Napoleon is reported to have once quipped that from the sublime to the ridiculous is but a step. The observation is particularly apt when it comes to contemporary art. A few steps and a turn of the head, a mood, a sound, or even the mildest of predilections can render the abstract profound or the conceptual trite. Genius not only stands up to multiple visits, it welcomes us back.
I will not be making another trip to Tracy Emin’s Southbank show, Love is What You Want. A retrospective of more than two decades of work, the show includes quilts, drawings, video, film, neon, sculpture, drawings and paintings. Emin is a fearless artist, perhaps best known for her early tent/sculpture/work, Everyone I Have Ever Slept With. She is extraordinarily up front about her losses, her fears, her difficult histories and her pain. There has been much pain. In recent years she has moved farther away from creating art in its “newer” traditional forms and has instead become something of a public provocateur. Her “work” is often fabricated by assistants and the media ranges from video to fabric, neon to bronze. The recurring theme through all of it is Tracy Emin, and that is both its strength and its limitation. The passion and pain of any individual artists can take an audience only so far without something else, something transcendent, to pull the viewer along.
This does not minimize the emotion that suffuses Emin’s output, but instead questions the relationship between creator and viewer. Emin’s work veers between a foundational urge to express – “here it is” – and a calculating process that leads to aphorisms in neon (“You Forgot To Kiss My Soul” or “Anal Sex Legal”). Why, exactly, should we care? The contemporary art establishment embraces Emin and that, alone, counts for something. But on whole, her writing and her persona seem much more interesting than her “art.” She has much to say, but I left the show thinking that art may not the best media for her to communicate it.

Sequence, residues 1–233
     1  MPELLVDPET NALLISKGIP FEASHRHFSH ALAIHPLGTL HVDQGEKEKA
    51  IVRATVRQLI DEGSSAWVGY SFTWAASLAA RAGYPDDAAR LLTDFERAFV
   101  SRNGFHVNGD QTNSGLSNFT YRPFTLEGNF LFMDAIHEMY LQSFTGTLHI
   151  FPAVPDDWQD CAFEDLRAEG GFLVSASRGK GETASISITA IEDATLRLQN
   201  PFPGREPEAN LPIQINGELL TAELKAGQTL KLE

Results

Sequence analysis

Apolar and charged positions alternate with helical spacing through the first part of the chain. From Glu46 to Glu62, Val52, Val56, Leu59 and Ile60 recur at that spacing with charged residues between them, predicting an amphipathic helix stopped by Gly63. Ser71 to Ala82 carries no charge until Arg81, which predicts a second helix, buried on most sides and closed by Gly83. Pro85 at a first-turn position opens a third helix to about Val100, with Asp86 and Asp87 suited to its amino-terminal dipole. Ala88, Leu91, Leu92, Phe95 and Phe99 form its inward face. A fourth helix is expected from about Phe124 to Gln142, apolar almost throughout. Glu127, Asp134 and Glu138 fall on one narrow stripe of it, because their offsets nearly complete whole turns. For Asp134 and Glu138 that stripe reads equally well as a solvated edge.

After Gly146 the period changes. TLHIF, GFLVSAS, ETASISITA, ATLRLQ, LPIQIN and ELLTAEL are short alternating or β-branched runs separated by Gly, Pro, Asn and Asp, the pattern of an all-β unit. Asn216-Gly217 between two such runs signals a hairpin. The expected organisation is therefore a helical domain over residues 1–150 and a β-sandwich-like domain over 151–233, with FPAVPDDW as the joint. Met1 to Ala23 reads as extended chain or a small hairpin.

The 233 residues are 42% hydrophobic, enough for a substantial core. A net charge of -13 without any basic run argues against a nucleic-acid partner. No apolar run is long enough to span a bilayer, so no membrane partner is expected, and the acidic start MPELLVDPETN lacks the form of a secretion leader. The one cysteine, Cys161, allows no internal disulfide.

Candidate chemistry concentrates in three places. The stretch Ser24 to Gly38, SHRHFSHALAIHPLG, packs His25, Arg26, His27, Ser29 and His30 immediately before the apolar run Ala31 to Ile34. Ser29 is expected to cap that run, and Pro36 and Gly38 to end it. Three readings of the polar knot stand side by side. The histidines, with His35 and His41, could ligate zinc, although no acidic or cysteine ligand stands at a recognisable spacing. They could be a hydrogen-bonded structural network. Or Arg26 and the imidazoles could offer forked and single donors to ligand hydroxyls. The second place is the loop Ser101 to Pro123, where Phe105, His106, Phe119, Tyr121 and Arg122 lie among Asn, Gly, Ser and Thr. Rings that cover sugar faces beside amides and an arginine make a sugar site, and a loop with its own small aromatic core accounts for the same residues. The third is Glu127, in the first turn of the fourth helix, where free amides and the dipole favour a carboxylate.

The personalities and histories of Jake and/or Dinos Chapman are irrelevant to their current installation in London’s White Cube gallery. Instead, the work speaks for itself. In the larger of the two rooms approximately two-dozen manikins – black plastic bodies are arranged interacting with flat art on the walls, a few large abstract sculptures in the middle of the room, each other and the audience. The figures have brilliant white teeth, shiny clear life-like blue eyes, and the little exposed “flesh” is shiny black plasticened musculature. It is though their “skin” has been stripped.
They are tall male figures – over six feet – and if brought to life would be extremely athletic. Identically clad in neo-Nazi uniforms, with black boots, stylized small swords, arm bands with happy faces, and paramilitary SS-type caps, they are laughing, jeering and menacing Sambos. Truly terrifying, truly fascinating and extraordinarily interesting. The artists ridicule while personalizing the menace, especially through the staging of the figures. In one vignette one is buggering another while others cheer on; in another setting, a mechanical pigeon shits white wax over the back of a different figure. It is haunting and humorous, and above all, memorable.
The other part of the gallery basement is a small setting. One similar manikin, this one clad in a Ku Klux Klan outfit along with fuzzy socks and Birkenstocks, faces a brightly lit Holbein-like oil painting of a some large peasant hell, replete with demons. The figure sports an enormous, priapic erection – and the then tent of white sheet points towards the picture. Creepy, creepy, creepy. And funny.
Both installations are able to bring together powerful antipathies and hold them in balanced tension. I would return.
I would also return to the Saatchi Gallery. Perhaps one of the most attract venues ever in which to view art, the former Duke of York’s Headquarters at Sloane Square is stunningly attractive. Superbly lit, thoughtfully arranged and designed with extraordinary restraint, the gallery could make any object appear interesting. Even the wide plank floor boards are tasteful.
The current exhibit, “The Shape of Things To Come – New Sculptures” highlight twenty international artists. All are good, but the Baldessari figures are especially strong. One room contains four of his pieces: a large ear trumpet emerging from an enormous ear, two separate horse figures, each without features and stitched together from horse-hides, and an inside-out humanoid figure that is both recognizable and impossible. The truly powerful piece in Saatchi, however, is the one permanent exhibit in the collection, Richard Wilson’s 20:50.
One enters the room on a platform with a glass railing, looking out into a larger, well-lit space with white walls, white square columns, and what appears to be a triangular trench cut into a mirrored floor. Industrial steel rings the floor and there space is suffused with a calming aura. Light reflects and the only jarring note is this illusory internal Eden is the increasingly pungent smell of oil. Slowly one looks at the floor more closely, searches out the artist’s note, and then the realization hits – the shiny floor is, in fact, oil. Wilson has filled the space with 20:50 engine oil, thick, viscous, shiny and poisonous. It is beautiful and awful, all at once, and truly wonderful.